A period of unsettled weather is on tap for the midweek period, however, there is a good deal of uncertainty with specifics given the differences among the models.

A closed H5 low will pinch off of the upper trough over the great Lakes and Ohio Valley late Wednesday. The first wave of showers will approach the region Wednesday and Wednesday night. The issue over the following couple of days is that the 00Z/19 GFS, ECMWF, and Canadian all have different solutions regarding the timing and placement of the upper low. Overall, a period of showers is likely Wednesday night through Thursday, but showers may continue Thursday night and if the slower models pan out. Another concern is convection. Models indicating minimal MUCAPE, with the 00Z ECMWF (European Centre for Medium-Range Weather Forecasts) on the more robust side, but still only around 600 J/kg. Given that surface dew points will be well in the 60s, possibly approaching 70, there is enough moisture available. The concern is that all of the ingredients might not come together. ECMWF indicating 80-100 kt jet, but the jet stays north of the region. GFS indicates this jet, but it is more over the Northeast, and is producing a period of heavy rain right over western and central New York and central and eastern Pennsylvania Wednesday night, then over New Jersey Thursday morning. The Canadian brings this rain which could be heavy to the region late Thursday and Thursday night. The ECMWF is not as progressive with that heavy rain, but is slower, bringing it Thursday night/Friday morning.

Feel best course of action is to cap Probability of Precipitation at chance on Wednesday, then carry likely Probability of Precipitation Wednesday night and Thursday. Will also add a chance for thunder Thursday afternoon, but it remains uncertain.

Cold front passes through the region by Friday morning, unless the ECMWF is correct, and in that case, it will not be until late Friday. Conditions dry out sometime Friday and Saturday as high pressure builds in from the north.

Winds and seas should stay below Small Craft Advisory criteria through tonight. Some guidance shows seas on the NJ coastal waters getting to 5 feet this afternoon. However, that guidance is too high with current conditions, so expect that bias to continue and thus think seas should stay just below SCA (Small Craft Advisory) criteria.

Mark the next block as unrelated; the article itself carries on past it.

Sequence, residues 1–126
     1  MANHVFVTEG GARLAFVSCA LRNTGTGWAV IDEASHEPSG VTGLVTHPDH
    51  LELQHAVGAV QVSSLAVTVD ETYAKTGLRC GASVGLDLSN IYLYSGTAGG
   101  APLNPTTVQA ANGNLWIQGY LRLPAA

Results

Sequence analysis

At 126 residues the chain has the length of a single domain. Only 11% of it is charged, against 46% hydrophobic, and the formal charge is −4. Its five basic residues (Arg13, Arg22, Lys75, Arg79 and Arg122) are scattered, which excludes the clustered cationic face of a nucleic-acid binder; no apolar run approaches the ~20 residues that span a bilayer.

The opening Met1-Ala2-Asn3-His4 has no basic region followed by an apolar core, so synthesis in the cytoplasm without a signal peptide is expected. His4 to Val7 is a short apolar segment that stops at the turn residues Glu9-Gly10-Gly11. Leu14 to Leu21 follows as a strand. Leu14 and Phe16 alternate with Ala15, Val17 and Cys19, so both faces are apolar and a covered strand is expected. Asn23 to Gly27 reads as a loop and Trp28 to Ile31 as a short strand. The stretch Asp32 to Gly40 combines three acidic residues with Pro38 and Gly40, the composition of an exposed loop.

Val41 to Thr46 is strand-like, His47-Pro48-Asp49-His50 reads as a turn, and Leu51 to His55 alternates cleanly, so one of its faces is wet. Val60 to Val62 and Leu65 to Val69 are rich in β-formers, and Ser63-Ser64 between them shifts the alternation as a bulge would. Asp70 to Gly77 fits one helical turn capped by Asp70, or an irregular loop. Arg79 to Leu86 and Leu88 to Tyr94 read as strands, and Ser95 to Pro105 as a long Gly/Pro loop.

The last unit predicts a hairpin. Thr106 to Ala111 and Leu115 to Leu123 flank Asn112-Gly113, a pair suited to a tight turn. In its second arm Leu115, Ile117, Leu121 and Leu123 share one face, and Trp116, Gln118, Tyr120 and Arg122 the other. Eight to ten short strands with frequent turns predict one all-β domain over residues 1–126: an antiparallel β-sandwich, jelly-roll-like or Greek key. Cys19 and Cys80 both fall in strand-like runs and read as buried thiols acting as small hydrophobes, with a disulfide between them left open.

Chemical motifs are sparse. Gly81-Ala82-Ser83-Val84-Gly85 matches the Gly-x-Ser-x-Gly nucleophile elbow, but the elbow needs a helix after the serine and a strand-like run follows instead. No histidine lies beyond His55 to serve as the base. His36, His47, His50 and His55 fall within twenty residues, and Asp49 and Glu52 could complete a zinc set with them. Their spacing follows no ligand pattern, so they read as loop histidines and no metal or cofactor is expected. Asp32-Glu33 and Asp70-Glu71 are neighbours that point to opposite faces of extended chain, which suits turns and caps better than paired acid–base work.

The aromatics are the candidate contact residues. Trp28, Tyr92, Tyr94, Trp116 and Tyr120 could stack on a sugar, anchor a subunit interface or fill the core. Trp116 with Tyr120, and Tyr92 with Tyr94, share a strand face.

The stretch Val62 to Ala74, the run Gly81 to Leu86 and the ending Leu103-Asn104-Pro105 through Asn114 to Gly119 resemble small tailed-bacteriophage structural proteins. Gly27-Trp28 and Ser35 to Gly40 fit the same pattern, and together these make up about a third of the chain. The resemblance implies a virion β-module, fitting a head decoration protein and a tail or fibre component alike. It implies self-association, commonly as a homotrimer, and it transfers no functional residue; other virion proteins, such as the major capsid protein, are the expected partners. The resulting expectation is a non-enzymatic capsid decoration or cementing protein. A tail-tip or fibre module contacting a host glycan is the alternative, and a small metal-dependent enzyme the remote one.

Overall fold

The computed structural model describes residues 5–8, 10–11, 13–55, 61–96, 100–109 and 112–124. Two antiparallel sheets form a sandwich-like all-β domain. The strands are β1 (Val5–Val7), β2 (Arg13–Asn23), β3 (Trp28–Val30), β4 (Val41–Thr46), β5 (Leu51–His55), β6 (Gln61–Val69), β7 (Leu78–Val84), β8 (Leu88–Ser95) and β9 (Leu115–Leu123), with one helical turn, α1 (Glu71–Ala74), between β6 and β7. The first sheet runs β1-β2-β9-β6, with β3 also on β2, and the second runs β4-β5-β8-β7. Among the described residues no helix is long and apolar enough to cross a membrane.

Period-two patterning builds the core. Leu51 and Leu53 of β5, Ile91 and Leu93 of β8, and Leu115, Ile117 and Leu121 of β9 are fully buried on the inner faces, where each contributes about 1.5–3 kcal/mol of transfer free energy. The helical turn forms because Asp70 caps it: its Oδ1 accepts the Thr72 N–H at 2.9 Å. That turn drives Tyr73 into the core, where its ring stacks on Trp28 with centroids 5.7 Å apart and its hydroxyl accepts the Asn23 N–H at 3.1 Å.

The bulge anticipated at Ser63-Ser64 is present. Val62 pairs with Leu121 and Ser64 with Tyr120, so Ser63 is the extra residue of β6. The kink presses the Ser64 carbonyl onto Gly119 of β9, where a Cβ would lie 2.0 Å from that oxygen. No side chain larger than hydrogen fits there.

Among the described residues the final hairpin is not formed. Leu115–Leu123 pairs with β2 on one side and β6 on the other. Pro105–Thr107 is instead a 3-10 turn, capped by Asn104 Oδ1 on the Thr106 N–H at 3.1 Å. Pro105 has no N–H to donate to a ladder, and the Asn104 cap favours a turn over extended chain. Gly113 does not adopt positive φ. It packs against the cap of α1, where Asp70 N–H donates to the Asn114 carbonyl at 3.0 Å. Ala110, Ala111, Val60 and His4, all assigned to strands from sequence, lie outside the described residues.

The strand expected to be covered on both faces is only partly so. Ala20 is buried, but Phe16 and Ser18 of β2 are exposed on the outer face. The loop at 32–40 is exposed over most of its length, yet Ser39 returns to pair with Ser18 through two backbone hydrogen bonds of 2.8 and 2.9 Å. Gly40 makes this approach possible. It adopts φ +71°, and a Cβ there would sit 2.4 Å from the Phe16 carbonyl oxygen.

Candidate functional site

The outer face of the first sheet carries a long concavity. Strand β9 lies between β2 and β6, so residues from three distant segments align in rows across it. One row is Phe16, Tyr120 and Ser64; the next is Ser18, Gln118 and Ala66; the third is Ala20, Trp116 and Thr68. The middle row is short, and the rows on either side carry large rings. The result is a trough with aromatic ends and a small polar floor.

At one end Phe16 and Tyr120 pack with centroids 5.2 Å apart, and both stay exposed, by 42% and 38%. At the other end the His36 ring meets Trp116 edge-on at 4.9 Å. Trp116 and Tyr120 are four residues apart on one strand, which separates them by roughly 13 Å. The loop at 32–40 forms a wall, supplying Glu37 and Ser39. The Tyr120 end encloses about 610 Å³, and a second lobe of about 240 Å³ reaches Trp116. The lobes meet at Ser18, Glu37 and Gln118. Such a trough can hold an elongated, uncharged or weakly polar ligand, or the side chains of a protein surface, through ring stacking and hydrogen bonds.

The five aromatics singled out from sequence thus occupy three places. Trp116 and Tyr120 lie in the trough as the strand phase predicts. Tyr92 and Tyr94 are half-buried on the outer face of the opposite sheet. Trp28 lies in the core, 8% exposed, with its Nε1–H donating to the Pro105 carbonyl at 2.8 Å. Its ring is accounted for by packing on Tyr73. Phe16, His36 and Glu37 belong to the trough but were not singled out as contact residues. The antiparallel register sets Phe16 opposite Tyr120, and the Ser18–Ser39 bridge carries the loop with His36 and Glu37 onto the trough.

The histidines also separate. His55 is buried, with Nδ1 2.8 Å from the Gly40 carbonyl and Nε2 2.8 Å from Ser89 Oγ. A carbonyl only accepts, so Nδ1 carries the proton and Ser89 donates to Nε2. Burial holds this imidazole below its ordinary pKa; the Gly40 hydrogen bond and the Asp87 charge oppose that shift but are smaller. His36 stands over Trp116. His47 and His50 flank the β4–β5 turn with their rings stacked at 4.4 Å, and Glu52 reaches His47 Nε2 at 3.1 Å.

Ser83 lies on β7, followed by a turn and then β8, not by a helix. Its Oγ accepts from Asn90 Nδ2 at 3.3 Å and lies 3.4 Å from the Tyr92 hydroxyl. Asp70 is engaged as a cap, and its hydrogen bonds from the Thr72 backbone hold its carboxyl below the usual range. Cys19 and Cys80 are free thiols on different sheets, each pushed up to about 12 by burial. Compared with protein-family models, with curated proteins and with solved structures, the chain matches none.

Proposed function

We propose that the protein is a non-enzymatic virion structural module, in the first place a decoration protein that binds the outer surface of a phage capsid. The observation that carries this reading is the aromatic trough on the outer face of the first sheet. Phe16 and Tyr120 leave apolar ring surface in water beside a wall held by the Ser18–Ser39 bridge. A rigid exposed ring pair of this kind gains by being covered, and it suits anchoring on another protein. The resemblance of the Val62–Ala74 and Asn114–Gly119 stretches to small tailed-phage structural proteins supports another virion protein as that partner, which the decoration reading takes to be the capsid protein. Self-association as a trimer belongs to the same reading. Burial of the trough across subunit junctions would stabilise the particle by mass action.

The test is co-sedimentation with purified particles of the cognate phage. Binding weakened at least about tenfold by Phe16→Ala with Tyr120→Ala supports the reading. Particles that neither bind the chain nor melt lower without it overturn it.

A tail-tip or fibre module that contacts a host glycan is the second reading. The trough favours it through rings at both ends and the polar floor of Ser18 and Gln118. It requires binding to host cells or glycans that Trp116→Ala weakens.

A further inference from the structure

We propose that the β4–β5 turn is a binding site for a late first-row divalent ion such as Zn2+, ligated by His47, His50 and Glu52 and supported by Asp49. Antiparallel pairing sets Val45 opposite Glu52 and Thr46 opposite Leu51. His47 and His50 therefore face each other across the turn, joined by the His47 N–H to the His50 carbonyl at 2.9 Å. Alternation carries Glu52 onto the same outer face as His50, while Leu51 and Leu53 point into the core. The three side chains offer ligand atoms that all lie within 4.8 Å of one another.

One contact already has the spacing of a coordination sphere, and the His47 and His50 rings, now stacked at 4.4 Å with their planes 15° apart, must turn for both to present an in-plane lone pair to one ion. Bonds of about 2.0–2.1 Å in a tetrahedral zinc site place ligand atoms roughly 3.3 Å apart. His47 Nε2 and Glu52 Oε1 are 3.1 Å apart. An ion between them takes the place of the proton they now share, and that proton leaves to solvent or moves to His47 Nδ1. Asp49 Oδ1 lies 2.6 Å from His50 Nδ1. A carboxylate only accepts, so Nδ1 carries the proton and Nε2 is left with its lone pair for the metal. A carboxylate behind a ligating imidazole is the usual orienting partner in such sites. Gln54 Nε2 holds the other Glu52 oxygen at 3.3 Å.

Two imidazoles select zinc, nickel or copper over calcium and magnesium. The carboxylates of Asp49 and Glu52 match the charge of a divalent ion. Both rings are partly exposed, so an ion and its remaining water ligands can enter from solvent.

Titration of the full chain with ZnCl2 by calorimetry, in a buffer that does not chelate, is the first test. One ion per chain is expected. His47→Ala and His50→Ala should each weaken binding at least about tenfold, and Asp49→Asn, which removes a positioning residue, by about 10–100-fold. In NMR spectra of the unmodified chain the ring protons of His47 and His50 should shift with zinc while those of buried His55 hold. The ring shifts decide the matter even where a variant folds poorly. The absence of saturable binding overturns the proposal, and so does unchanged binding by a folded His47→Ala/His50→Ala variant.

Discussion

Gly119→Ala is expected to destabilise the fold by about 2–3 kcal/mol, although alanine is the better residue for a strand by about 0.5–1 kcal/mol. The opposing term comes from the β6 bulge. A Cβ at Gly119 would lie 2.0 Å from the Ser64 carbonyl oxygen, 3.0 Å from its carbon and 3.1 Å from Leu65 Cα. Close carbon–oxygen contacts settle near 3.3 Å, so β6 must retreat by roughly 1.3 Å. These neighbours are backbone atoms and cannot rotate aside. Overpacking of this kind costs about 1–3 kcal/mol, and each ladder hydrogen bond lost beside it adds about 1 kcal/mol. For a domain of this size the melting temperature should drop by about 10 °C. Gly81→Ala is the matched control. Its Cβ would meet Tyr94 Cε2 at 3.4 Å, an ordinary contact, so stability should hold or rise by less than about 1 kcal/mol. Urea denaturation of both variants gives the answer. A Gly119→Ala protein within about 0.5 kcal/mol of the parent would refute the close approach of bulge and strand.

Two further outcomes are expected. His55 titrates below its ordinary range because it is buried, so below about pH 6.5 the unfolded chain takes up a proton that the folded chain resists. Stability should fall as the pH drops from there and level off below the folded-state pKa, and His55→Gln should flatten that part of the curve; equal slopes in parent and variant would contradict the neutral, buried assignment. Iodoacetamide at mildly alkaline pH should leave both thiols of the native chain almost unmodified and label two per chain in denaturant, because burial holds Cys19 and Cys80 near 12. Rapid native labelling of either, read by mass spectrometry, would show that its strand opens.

Outlook... Tuesday-Thursday...Although winds should remain below advisory levels through the period, seas could increase to 5 feet or higher by Tuesday night and continue into Thursday.

Rip currents... The combination of lingering swells from Odette, with developing onshore flow later today, and the full moon on Monday will result in a moderate risk for rip currents today and Monday. Although the swells should start to diminish, this tendency will be offset by the increasing onshore flow.

Tides / Coastal Flooding
Spotty minor tidal flooding is possible centered around the highest astronomical tides through Monday. The combination of increased swells from Odette, higher astronomical tides with the full moon on Monday, and developing onshore flow will all contribute to this. The highest astronomical tides, and thus the higher risk for spotty minor flooding, will be the evening/overnight high tides. At this point, tidal levels just should fall just shy of advisory criteria. However, if the onshore flow develops faster than what is currently expected, there could be an increased risk for widespread minor flooding, especially with the evening/night high tide tonight.

Notably, forecasts have increased slightly for portions of the Atlantic coast in southern New Jersey and Delaware for the evening/night high tide tonight, and there is a chance an advisory may be required for these areas as well as adjacent portions of Delaware Bay during this time frame.

NOAA Mount Holly NJ Office: Watches - Warnings - Advisories
PA...None. NJ...None. DE...None. MD...None.